[Greylist-users] Too many "false positives" !?!

William Blunn bill--greylist at blunn.org
Mon Nov 21 06:29:12 PST 2005

Allan E. Johannesen wrote:
>>>>>> "dragon" == The Dragon <dragon at dragonskeep.org> writes:
> dragon> The only real problem I ever had was a server in Hawaii that 
> insisted
> dragon> on sender verification. Someone on our mailserver sends an 
> email, and
> dragon> immediately that server opens a connection back - wich of course
> dragon> tempfails, but they then result in failing delivery of our email.
> dragon> Ooops - caught between two different spamtraps - but I figured 
> they're
> dragon> sincere enough about spam that I can whitelist them immediately.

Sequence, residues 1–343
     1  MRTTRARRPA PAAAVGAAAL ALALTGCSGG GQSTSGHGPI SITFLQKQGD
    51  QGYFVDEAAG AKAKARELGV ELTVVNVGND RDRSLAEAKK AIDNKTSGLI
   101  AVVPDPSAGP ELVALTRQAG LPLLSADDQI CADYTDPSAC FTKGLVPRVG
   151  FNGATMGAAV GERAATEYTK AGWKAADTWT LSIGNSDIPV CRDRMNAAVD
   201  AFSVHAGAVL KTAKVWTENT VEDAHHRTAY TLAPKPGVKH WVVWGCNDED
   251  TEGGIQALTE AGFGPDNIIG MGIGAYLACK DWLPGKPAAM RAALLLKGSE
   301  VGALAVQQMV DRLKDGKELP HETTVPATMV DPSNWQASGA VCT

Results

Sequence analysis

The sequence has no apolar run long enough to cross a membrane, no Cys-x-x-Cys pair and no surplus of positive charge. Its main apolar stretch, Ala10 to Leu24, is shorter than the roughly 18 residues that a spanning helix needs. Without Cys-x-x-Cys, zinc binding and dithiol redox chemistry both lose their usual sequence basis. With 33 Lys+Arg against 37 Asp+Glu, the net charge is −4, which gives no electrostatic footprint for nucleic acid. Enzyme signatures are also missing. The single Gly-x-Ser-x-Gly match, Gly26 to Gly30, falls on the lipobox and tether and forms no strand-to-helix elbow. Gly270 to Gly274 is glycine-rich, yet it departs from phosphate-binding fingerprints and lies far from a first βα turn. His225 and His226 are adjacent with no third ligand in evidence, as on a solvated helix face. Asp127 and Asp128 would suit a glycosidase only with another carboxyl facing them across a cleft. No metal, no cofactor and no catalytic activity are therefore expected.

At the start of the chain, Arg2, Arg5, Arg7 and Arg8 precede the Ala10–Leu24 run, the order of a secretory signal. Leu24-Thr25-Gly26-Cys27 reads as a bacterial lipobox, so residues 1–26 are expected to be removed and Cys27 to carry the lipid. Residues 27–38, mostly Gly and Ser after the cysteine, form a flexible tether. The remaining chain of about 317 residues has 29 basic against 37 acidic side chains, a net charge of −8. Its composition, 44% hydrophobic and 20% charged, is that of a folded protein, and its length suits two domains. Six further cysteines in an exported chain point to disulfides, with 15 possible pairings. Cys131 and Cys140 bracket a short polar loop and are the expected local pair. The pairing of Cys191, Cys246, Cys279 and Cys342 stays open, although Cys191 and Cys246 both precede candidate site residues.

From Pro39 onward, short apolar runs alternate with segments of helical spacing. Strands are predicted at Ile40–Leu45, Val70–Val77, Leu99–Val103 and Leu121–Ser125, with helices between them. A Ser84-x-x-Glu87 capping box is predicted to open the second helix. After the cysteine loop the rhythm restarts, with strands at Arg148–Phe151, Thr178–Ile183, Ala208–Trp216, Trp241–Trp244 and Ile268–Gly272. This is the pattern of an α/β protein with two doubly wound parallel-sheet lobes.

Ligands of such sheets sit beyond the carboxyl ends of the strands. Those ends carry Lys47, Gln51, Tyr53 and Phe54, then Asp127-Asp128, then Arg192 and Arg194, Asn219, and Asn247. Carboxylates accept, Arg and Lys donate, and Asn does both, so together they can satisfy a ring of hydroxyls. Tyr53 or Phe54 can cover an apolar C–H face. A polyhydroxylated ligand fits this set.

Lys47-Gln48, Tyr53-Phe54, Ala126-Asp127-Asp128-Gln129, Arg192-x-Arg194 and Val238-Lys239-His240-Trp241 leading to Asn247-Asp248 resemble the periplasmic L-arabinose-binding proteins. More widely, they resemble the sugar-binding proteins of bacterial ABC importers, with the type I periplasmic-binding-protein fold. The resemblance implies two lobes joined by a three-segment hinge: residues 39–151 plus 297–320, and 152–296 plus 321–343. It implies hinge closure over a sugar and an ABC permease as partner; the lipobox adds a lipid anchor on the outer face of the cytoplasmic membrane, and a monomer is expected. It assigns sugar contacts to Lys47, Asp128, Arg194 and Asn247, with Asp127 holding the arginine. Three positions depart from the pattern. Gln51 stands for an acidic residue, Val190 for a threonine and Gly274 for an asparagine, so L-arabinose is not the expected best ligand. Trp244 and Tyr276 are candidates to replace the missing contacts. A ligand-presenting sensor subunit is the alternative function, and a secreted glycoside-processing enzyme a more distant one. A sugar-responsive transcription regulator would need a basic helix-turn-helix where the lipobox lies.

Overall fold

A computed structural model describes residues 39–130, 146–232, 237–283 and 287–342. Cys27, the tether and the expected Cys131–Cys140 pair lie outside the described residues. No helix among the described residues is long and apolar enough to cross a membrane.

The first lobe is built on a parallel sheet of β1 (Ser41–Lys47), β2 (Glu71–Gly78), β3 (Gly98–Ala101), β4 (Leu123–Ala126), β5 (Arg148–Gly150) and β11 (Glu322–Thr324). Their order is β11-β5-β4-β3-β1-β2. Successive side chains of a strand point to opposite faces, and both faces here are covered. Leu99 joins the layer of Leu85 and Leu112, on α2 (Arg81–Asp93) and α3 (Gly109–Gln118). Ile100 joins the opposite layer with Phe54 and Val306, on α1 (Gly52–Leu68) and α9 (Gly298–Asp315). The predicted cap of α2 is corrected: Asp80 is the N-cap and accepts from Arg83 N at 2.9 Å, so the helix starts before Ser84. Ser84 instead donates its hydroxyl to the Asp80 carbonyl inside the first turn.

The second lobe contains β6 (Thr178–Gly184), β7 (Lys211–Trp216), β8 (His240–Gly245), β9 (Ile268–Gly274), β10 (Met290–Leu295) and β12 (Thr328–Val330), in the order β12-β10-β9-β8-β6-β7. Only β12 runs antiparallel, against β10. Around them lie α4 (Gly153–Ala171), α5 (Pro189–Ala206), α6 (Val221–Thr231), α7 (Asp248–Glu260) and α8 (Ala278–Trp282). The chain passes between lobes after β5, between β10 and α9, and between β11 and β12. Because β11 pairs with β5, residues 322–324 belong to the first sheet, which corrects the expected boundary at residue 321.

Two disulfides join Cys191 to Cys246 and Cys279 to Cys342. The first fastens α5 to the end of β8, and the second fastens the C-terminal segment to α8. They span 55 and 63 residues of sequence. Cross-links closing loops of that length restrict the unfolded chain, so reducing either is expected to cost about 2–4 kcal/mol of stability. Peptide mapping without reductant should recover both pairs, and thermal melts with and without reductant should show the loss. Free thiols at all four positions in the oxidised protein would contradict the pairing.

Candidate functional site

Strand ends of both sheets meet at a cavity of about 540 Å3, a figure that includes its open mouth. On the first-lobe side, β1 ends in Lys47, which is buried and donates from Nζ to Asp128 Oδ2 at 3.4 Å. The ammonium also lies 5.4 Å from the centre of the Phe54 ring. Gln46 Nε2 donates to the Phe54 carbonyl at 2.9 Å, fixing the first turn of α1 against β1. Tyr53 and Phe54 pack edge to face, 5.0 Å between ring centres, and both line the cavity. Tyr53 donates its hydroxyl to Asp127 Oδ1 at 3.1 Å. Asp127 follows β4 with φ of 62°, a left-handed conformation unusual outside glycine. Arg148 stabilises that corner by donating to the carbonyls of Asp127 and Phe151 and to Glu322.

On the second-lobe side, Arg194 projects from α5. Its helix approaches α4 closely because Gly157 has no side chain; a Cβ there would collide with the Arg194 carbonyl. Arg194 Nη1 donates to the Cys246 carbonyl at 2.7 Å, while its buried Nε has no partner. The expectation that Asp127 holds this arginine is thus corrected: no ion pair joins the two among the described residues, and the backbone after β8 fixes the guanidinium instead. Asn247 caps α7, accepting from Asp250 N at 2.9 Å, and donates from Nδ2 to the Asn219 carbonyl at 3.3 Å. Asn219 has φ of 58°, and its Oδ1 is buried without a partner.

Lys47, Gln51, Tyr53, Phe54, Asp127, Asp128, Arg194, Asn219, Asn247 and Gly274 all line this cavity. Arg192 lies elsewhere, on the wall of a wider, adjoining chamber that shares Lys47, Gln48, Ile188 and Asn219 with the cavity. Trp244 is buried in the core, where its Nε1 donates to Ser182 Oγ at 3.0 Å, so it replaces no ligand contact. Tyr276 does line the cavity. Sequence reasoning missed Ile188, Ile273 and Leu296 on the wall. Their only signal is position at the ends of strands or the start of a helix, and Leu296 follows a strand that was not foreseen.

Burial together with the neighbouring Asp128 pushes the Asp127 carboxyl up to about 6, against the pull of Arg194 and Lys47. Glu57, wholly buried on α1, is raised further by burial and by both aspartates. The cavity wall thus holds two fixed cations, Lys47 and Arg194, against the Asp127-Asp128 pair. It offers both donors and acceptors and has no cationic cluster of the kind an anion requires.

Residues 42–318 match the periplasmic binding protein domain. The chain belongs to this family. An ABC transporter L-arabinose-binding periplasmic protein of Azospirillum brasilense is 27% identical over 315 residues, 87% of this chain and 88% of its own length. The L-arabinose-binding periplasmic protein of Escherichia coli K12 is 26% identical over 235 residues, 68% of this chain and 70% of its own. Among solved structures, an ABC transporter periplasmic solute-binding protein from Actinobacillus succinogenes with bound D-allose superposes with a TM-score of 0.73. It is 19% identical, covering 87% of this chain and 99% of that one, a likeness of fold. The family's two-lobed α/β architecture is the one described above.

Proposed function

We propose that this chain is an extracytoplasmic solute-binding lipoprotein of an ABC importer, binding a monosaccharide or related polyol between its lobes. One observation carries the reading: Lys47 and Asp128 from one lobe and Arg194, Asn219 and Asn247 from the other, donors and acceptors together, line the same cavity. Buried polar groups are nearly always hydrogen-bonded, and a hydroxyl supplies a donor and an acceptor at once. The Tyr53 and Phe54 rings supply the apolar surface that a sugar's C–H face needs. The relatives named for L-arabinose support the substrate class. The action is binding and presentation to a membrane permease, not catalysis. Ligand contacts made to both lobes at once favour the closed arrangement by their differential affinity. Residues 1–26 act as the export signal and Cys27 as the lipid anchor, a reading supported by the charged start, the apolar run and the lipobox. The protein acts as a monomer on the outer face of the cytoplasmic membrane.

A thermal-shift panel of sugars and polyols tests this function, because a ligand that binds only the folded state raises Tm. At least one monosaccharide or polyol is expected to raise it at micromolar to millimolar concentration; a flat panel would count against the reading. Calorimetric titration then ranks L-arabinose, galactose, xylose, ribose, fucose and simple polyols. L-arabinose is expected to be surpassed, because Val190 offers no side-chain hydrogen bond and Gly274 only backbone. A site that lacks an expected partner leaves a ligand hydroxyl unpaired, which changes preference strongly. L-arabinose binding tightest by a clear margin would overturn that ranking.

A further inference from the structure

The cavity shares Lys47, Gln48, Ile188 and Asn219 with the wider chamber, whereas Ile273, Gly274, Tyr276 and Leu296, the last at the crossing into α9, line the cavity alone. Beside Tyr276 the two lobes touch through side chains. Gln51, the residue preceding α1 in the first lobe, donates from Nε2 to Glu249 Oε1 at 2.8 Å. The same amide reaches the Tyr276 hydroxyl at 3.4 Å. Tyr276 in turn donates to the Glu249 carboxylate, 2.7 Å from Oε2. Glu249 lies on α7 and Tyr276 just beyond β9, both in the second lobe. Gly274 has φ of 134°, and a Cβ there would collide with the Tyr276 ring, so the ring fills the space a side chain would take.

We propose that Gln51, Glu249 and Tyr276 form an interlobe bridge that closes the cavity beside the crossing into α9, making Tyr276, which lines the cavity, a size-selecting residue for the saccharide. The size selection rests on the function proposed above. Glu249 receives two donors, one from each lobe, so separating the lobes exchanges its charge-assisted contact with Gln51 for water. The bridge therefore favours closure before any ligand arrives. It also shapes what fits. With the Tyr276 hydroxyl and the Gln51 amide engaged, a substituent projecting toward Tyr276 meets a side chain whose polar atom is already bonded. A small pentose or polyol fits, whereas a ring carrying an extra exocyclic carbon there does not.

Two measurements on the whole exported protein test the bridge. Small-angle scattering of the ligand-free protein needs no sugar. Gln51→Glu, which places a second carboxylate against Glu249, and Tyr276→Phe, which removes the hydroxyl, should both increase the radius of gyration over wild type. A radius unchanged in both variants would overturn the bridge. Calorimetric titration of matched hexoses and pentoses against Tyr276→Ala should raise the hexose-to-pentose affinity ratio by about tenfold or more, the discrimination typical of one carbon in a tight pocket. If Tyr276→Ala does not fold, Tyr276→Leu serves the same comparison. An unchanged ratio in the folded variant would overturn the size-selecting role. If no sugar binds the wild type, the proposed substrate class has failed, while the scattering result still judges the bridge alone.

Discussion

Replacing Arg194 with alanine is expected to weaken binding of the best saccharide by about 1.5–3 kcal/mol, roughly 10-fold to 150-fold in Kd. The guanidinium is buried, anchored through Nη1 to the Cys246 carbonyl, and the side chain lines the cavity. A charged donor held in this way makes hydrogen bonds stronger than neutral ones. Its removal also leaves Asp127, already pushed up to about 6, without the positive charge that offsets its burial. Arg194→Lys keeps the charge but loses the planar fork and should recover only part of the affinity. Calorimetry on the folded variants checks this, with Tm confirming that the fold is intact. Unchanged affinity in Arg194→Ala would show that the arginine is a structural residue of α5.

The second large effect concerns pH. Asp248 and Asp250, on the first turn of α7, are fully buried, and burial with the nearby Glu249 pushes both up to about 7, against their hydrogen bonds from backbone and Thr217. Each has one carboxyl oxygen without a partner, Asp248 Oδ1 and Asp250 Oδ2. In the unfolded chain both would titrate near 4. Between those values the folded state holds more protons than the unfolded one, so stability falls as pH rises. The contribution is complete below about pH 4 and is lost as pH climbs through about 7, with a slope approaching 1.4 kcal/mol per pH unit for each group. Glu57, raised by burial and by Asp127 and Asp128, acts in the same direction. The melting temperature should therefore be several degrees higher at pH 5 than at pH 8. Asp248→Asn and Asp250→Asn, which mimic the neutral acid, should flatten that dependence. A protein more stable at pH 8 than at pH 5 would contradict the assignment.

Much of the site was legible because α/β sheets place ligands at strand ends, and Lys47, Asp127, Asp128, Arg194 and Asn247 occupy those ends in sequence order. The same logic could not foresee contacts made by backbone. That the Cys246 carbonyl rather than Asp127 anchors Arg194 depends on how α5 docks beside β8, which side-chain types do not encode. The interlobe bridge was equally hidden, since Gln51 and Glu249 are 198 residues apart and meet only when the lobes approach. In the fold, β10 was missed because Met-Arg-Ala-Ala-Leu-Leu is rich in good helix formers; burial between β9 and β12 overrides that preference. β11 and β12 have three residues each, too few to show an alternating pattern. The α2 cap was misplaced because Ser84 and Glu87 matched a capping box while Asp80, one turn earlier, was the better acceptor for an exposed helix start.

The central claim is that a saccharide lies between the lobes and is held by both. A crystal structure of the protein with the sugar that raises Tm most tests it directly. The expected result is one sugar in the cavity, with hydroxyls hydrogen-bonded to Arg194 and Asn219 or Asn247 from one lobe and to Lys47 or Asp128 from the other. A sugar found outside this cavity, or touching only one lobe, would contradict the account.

> Yes, verizon (a CLEC) does this as well.

Do you know what sender address they use to probe with?

Reason I ask is that there's a sort of convention to do probing with the 
empty sender, i.e.


Then if you have greylisting on your mail system, what you can do is to 
make the point at which you do greylisting conditional over whether or 
not the sender is the empty sender or the non-empty sender.

So, if it's the non-empty sender, you do greylisting at RCPT time, so as 
to do it before DATA time, and avoid wasting incoming bandwidth.

But if it's the empty sender, you do greylisting after DATA. Since 
probes typically stop when they get a successful response to RCPT, they 
never reach the greylisting point, and go away happy. If any sender does 
continue into a message, then they still get greylisted, but at the end 
of DATA.

That's what my systems do. That's then one less thing I have to maintain.

If you want to know how to do it, it should be easy to find with a bit 
of web research. (I can also do hand-holding at my standard rate.)


More information about the Greylist-users mailing list